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Best of Chris Sieroty

Gaming Guru

Chris Sieroty
 

New Nevada law may help gaming industry

10 July 2011

LAS VEGAS, Nevada -- With a goal of generating more investment in the state's gaming industry, Nevada is shortening the process of determining gaming license suitability.

Under a new state law, companies and individuals are no longer required to run a gaming company or have an agreement to acquire a casino in Nevada before they can file for a license.

Prior to the measure recently signed by Gov. Brian Sandoval, in order to apply for a gaming license or a finding of suitability, applicants already had to be doing business with a casino or have an agreement that gave them the right to be involved.

The law, on the books since the 1980s, allowed busy state regulators to focus on deals that seemed more financially secure. But with the Sahara closing in May, and both the Echelon and Fontainebleau sitting half finished on the Strip, regulators say streamlining is needed to draw new investment to Las Vegas.

Hopefully, it will also attract investors seeking to build new resorts.

"It's a good thing for Nevada," Gaming Control Board Chairman Mark Lipparelli said. "It provides flexibility in a license application that they didn't have before. It does not diminish any of the strong requirements for suitability in anyway."

The procedure subjects the applicant to the same level of investigation by the Nevada Gaming Control Board as an applicant for a nonrestricted license but does not authorize any particular industry involvement.

The "finding of suitability" is legal just like a regular gaming license except it expires after two years if not renewed.

The background checks are expected to take a year to 18 months, which is a similar to the time it takes for a traditional gaming license.

However, the initial background check was expected to shorten the investigation time necessary for a person's subsequent application to be licensed for a particular casino ownership or operation.

The new law also includes improvements in the process for handling gaming control disciplinary complaints, and implements fines of $25,000 to $250,000 for each violation of any regulation.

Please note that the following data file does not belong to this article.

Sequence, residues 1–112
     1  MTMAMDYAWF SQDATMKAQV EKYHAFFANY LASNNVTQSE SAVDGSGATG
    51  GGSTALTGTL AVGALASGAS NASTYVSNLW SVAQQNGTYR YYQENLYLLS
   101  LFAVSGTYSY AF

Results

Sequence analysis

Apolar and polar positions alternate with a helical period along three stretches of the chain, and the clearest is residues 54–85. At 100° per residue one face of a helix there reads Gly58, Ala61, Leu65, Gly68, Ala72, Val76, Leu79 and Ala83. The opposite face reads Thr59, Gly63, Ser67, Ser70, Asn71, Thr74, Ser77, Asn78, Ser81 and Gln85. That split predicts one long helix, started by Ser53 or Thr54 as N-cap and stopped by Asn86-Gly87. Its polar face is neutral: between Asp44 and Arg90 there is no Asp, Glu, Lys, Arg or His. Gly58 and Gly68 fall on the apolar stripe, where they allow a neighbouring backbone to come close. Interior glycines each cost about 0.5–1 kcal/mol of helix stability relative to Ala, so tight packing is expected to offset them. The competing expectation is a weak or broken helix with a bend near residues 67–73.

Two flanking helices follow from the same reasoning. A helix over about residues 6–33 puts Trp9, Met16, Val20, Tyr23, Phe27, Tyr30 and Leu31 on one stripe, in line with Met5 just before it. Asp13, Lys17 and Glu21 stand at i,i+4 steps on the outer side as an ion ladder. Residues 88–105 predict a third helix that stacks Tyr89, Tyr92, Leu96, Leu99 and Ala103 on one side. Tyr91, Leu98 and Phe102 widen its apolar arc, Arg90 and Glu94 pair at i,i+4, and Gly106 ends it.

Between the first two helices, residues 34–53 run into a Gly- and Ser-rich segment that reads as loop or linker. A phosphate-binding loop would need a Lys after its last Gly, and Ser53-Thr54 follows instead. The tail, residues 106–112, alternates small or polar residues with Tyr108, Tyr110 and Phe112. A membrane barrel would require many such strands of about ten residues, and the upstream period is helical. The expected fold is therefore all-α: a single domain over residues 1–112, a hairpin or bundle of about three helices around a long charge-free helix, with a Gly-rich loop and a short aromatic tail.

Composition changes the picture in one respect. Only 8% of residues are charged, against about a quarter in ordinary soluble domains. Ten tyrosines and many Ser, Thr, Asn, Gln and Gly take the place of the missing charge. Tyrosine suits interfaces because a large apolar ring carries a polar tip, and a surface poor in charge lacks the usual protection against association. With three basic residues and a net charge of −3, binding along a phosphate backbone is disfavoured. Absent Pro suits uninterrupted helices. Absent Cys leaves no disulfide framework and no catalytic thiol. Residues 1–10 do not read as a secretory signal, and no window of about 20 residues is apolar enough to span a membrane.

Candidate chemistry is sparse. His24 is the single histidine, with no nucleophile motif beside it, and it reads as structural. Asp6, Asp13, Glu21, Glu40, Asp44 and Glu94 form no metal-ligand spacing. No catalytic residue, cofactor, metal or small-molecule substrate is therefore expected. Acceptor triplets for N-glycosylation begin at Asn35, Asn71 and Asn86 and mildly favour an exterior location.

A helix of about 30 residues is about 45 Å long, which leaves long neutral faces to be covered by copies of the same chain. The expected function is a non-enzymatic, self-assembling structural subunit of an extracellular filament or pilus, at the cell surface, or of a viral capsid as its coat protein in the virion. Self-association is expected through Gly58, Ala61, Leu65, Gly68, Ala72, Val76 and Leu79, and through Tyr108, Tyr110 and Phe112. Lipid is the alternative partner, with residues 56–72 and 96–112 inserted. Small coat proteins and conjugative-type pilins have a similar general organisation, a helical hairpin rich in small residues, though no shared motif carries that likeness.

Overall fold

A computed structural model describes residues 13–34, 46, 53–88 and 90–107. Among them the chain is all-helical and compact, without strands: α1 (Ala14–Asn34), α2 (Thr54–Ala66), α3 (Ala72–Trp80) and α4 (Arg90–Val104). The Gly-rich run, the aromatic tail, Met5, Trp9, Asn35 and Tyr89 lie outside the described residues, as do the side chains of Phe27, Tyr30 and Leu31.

"Nevada is the gold standard for regulating gaming and we must continue to be," Sandoval said in a statement.

The Nevada Gaming Commission must adopt regulations to implement provisions of the bill.

The new law grew out of a class project of a gaming law seminar taught at William S. Boyd School of Law at the University of Nevada, Las Vegas, by Bob Faiss and Greg Gemignani, both gaming law attorneys at Lionel Sawyer & Collins.

"This legislation is going to enhance the orderly flow of new investment in the Nevada gaming industry," Faiss said.

"I believe it is a fundamental and beneficial change to our gaming control system and is consistent with (the governor's) resolve to have a gaming control system that is responsive to the realities of the modern gaming industry," Faiss also said.

Faiss has directed student legislative projects at UNLV during each legislative session since 2001.

All have resulted in resolutions or bills that have been adopted, he said.

Student bills in prior sessions have dealt with issues such as rights of winners of periodic payments of progressive jackpots to assign payment to another person and the authority to appoint interim gaming control board members.

In 2009, Assembly Bill 218 was signed by then Republican Gov. Jim Gibbons, which confirmed the authority of the gaming commission to license government entities, such as sovereign wealth funds and Native American tribes.
New Nevada law may help gaming industry is republished from CasinoVendors.com.